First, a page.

Sleep in Children
Children have very different sleep needs from adults. Throughout childhood and adolescence, the need for sleep remains higher than for adults. Children spend more time in deep sleep and more time in REM sleep than adults. These two sleep stages are considered by scientists to play important roles in physical and neurological development.
The National Sleep Foundation provides guidelines for sleep for children at each phase of their development:
Newborns sleep on and off throughout the day and night, and need somewhere in the range of 14-17 hours of sleep in a 24-hour period.
Through the remainder of their first year of life, infant children typically need 12-15 hours of sleep. This total sleep is typically spread out among nighttime rest and multiple daytime naps.
Children up to the age of 3 generally require between 11-14 hours of sleep. As with infants, this is usually a combination of overnight rest and daytime napping.
Young children ages 3-5 need 10-13 hours of nightly sleep. Naps become less frequent but can still be used to supplement nightly rest.
- 6-13 years.
School-age children generally need 9-11 hours of sleep each night.
- 14-17 years.
Adolescents need between 8-10 hours of sleep a night.
Sleep plays a critical part in fostering biological, intellectual, emotional, and social development throughout childhood and adolescence. Sleep problems in children can interfere with cognitive and intellectual development. Research indicates insufficient sleep can have a negative effect on language development in children, as well as memory and learning.
Poor sleep, including forms of sleep-disrupted breathing, is associated in children with lower cognitive and intellectual abilities and lower academic performance. Sleep-disordered breathing includes snoring, mouth breathing, sleep apnea, and any sign of impaired breath during sleep. As many as 25 percent of children in the United States may exhibit some form of sleep-disordered breathing by the age of 6.
Sleep also has a significant impact on children’s mental and physical health. Children who sleep poorly are at greater risk for behavioral problems and psychological distress in childhood and adolescence. Research indicates that young children with sleep problems are more likely to develop psychiatric problems. The same research also shows that children with psychiatric problems are more likely to have difficulty with sleep — an indication that the relationship between sleep and mental health operates in both directions in childhood.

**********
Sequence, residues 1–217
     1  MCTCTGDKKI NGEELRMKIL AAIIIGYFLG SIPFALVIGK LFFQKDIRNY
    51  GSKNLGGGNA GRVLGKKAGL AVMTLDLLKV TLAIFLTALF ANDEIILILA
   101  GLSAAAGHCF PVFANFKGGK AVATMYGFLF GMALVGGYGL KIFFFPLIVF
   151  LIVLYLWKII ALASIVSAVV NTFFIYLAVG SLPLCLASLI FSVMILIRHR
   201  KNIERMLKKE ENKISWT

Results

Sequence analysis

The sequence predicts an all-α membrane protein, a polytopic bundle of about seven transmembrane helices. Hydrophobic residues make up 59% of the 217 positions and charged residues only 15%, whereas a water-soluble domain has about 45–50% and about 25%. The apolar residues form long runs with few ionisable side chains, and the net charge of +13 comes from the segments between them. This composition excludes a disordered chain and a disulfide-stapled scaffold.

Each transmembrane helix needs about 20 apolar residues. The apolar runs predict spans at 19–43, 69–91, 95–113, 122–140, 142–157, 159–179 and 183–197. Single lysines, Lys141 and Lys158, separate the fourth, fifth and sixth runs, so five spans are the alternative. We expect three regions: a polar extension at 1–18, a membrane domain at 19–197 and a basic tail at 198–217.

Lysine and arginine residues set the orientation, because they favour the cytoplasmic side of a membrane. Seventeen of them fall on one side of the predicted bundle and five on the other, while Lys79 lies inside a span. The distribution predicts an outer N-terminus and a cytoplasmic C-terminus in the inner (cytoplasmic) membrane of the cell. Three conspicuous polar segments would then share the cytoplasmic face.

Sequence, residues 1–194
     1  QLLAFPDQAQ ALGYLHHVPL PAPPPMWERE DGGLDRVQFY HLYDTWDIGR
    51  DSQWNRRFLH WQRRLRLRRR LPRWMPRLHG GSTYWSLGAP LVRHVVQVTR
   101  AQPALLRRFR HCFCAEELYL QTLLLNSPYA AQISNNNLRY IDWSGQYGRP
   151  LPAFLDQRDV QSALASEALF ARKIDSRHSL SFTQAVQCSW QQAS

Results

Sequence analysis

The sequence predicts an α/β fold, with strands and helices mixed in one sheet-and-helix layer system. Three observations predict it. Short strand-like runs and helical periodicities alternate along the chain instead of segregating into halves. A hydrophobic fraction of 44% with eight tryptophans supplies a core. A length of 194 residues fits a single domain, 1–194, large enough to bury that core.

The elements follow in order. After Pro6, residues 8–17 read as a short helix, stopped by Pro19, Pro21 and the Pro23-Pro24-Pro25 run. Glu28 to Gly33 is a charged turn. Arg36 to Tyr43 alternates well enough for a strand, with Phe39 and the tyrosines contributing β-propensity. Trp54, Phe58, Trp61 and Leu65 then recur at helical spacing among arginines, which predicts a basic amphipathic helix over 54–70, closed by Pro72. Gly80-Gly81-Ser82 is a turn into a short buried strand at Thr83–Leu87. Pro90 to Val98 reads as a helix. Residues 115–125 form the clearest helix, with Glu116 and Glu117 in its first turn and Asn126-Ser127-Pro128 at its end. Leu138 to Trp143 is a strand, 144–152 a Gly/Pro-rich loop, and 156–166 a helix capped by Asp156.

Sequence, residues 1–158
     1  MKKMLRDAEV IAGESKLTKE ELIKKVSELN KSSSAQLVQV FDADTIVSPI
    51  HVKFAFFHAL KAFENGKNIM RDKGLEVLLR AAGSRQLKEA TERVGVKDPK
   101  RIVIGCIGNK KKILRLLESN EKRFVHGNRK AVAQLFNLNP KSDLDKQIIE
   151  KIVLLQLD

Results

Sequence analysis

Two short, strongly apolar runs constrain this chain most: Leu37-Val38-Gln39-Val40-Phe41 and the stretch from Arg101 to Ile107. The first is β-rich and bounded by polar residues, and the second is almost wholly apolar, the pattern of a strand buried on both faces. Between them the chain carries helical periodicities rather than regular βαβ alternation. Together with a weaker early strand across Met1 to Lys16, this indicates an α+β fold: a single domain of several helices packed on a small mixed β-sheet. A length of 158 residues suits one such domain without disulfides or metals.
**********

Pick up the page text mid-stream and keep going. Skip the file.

From infancy onward, sleep quality can affect a child’s risk of developing obesity. According to research, lack of sufficient sleep in infancy and early childhood increases the risk of being overweight in older childhood. Children who get sufficient sleep are less likely to be obese, and consume fewer calories throughout the day. Sleep patterns during childhood and adolescence can affect weight and other aspects of physical health in adulthood, according to research. Helping children develop strong sleep habits is an important investment in their short- and long-term health.
Children are vulnerable to many of the same hazards to sleep as adults are, including environmental stimuli. Moderating temperature, managing noise, protecting darkness, and minimizing sources of stimulation in kids’ bedrooms can help children fall asleep more easily, and can improve the quality and duration of their nightly rest. Keeping electronic and digital devices out of children’s bedrooms is one way to protect the quality of their sleep environment.
Among adolescents, social media has become an increasing threat to sleep. Social media use in teenagers is linked to poor sleep, and to greater risk for anxiety and depression. Engaging in social media in the evenings before bed appears to be particularly disruptive to teens’ sleep, according to research.
Girl sleeping photo available from Shutterstock
Breus, M. (2020). Sleep in Children. Psych Central. Retrieved on March 29, 2020, from https://psychcentral.com/lib/sleep-in-children/